Our guide to bricks
Posted by: Rex Nye
Published: - Last Updated:
Clay bricks remain the building material of choice for external walls throughout England and Wales, offering a durable and attractive option at a reasonable cost. What’s more, they’re low-maintenance and their appearance improves with age.
When it comes to picking a brick for a project, the choice can be overwhelming. There are literally thousands of types of brick, each with their own colour, texture and shape (not to mention price), which gives customers plenty to consider when planning a build.
To help you choose the right brick for your project, we’ve put together this handy guide.
While bricks have been around for centuries, the process of making them with machines has only been common for the last hundred or so years. There are a few different manufacturing processes, each producing a slightly different type of brick.
Wire-cut bricks are extruded from a column of clay, which produces a brick with a smooth finish. Stock bricks are shaped in sand-coated moulds which leave a textured finish, and waterstruck bricks are similar but don’t include sand, resulting in a smoother face.
In general, wire-cut bricks should be the cheapest of the three, and make the most sense when ordering in large quantities.
Although handmade bricks are roughly four times the cost of machine-made ones, they allow customers to tailor their appearance to suit individual needs. If you’ve got the budget and you’re looking for an irregular size of brick or a particular colour or texture that you can’t find on the shelf, handmade bricks provide a good solution.
Every year, around 40 million bricks are reclaimed from old buildings to be sold again, but this only accounts for 1% of annual brick sales, which gives you an idea of how many are produced each year!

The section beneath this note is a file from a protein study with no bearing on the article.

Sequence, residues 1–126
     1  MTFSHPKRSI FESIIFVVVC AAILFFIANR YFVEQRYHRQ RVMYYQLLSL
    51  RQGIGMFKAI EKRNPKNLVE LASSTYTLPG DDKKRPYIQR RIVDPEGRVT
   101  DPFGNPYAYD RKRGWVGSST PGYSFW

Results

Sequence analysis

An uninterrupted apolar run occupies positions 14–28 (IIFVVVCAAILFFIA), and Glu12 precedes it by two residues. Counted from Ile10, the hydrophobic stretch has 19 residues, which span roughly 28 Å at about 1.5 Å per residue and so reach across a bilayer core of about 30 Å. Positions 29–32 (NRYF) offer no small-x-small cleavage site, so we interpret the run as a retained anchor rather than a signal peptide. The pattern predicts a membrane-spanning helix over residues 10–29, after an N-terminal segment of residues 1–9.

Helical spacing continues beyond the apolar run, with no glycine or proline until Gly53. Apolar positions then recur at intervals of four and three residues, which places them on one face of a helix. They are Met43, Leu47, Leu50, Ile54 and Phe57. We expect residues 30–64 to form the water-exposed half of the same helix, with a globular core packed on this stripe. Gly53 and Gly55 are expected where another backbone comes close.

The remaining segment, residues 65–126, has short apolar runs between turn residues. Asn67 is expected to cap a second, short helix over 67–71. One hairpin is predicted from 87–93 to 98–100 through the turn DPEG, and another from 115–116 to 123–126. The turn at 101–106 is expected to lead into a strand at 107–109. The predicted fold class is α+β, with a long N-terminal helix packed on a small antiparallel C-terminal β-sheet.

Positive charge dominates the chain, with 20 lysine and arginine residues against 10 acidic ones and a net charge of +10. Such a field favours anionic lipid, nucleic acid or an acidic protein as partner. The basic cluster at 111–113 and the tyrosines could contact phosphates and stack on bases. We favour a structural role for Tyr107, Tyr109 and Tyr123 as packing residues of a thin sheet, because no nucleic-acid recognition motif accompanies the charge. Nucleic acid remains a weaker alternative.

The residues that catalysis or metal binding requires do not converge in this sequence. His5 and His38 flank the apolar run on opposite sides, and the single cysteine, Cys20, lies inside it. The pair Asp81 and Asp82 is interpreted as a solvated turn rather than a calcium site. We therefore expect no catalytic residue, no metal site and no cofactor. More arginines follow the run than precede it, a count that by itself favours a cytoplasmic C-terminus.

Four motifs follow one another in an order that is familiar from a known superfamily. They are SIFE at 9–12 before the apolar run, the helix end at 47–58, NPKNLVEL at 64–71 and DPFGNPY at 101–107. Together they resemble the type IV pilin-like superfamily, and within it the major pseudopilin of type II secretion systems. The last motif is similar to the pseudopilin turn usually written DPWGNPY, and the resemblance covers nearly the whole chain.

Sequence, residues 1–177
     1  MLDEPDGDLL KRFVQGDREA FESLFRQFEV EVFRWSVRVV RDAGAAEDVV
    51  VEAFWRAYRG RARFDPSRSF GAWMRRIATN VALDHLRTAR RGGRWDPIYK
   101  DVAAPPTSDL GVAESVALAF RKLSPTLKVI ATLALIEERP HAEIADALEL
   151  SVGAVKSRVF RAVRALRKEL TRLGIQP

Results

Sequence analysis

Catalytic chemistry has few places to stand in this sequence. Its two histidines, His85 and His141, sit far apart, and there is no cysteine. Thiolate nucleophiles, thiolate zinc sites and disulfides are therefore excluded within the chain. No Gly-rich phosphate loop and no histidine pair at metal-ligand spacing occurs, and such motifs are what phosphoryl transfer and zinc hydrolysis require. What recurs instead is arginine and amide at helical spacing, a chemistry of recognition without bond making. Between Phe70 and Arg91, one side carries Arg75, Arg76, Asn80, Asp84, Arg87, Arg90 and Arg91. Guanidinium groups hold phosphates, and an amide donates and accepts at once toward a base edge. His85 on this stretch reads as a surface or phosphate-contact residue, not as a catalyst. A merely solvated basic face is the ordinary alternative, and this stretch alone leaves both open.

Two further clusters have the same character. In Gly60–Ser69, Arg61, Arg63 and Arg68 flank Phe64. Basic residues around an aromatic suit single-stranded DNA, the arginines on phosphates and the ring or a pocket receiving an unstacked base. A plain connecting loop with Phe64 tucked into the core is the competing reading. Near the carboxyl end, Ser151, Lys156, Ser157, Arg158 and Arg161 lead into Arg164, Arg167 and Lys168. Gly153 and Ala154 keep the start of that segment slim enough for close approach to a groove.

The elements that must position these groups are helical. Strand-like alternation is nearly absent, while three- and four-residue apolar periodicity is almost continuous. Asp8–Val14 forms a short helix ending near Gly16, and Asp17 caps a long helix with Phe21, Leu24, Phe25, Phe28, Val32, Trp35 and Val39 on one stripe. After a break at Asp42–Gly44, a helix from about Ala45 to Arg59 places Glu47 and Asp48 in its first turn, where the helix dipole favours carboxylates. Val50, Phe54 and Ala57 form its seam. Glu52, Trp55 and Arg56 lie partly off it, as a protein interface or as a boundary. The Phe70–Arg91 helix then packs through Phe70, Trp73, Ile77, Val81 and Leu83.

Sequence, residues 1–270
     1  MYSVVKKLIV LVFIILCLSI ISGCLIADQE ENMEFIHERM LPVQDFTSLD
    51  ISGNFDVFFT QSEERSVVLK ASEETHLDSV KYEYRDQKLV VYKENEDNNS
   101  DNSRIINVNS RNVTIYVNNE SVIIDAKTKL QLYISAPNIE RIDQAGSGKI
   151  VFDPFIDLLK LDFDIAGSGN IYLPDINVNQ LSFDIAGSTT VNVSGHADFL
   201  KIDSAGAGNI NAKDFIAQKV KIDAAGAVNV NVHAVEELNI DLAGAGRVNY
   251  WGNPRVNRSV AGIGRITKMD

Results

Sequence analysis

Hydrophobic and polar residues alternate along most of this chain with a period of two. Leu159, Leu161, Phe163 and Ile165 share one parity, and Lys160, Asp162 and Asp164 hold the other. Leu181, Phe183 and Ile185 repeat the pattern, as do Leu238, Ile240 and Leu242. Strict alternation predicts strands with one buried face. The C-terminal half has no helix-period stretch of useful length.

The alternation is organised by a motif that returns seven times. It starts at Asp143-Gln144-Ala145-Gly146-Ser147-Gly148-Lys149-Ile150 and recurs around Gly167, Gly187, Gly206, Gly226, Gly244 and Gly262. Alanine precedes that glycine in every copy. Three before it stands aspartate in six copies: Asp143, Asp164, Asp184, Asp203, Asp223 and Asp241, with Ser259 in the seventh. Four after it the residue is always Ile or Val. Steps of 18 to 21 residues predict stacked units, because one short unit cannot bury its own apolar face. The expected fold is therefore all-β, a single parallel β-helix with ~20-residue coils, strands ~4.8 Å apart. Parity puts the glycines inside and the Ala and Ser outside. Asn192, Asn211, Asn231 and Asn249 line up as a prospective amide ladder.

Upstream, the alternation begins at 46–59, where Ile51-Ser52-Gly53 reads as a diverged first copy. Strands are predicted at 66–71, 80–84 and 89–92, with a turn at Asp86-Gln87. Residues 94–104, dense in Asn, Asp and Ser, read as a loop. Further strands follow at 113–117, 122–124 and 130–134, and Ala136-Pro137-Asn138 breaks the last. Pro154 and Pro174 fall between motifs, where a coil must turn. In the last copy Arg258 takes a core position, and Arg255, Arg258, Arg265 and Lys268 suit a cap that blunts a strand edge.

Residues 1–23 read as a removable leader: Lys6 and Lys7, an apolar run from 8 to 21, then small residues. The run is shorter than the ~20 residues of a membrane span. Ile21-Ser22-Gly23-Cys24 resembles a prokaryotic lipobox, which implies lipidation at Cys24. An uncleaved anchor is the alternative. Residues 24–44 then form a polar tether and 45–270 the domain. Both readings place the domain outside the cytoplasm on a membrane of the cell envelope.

There are a number of reclamation yards around the country that stock previously used bricks, although you will probably need to be content with a more limited choice than if you buy new.
However, if you have the budget to pay 50p or more per brick then your choice will immediately widen.
Second-hand bricks can be a good way to save money, but depending on the size and specifications of the project you might find it difficult to get your hands on enough to complete the job.
This refers to bricks that don’t fit the standard shape, and are often used for details such as cills and wall cappings. Though some common sizes are more readily available, generally they need to be made to order which involves waiting times and higher prices than standard bricks.
Another option is to use a brick-bonding service. These make bricks to size by cutting and gluing standard bricks together, which is not just faster, it’s also cheaper. Ideal for projects that use second-hand bricks.
See our range of brick specials here.
There are two technical specifications for bricks that it’s important to know. The first is frost rating, which relates to the brick’s resistance to frost, and includes three categories: F (high), M (medium), and O (poor).
A brick with poor frost resistance is particularly vulnerable to spalling, where the face begins to crumble. Considering our delightful English weather, we’d never advise using O-rated bricks in situations where they will be exposed to the elements, but neither should you need to use F-rated bricks, unless the building is in a severe frost area such as the Lake District. M-rated bricks should be acceptable for the great majority of applications other than exposed areas such as chimneys.
The other brick specification is salt rating, which is divided into two categories, L (low) and N (normal). This isn’t as critical as frost rating, but if you’re building in very wet areas then it’s best to avoid N-rated bricks as these require sulphate-resistant cement.
Here at NYEs, we offer a custom matching service to help you find the right brick for your project. Just bring us a sample or request a visit to your site and our very own brick detective, Duncan Tidy, will hit the bricks in search of your ideal match.
To provide customers with matching bricks for future extensions, we also over-order when supplying local housing developments. And if we don’t carry the type of brick you need, we’ll use our network of contacts to try to meet your requirements.